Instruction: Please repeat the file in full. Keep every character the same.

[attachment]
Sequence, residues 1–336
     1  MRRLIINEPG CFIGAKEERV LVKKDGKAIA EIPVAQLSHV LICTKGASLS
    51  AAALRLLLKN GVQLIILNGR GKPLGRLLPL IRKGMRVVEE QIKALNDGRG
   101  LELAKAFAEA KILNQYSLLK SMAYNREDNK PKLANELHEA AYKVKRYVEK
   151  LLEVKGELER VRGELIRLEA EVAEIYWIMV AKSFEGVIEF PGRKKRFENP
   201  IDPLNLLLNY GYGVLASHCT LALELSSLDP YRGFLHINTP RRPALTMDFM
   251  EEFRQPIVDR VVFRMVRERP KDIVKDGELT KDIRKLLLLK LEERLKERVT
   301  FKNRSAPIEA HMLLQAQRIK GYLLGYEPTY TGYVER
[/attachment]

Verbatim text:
Sequence, residues 1–336
     1  MRRLIINEPG CFIGAKEERV LVKKDGKAIA EIPVAQLSHV LICTKGASLS
    51  AAALRLLLKN GVQLIILNGR GKPLGRLLPL IRKGMRVVEE QIKALNDGRG
   101  LELAKAFAEA KILNQYSLLK SMAYNREDNK PKLANELHEA AYKVKRYVEK
   151  LLEVKGELER VRGELIRLEA EVAEIYWIMV AKSFEGVIEF PGRKKRFENP
   201  IDPLNLLLNY GYGVLASHCT LALELSSLDP YRGFLHINTP RRPALTMDFM
   251  EEFRQPIVDR VVFRMVRERP KDIVKDGELT KDIRKLLLLK LEERLKERVT
   301  FKNRSAPIEA HMLLQAQRIK GYLLGYEPTY TGYVER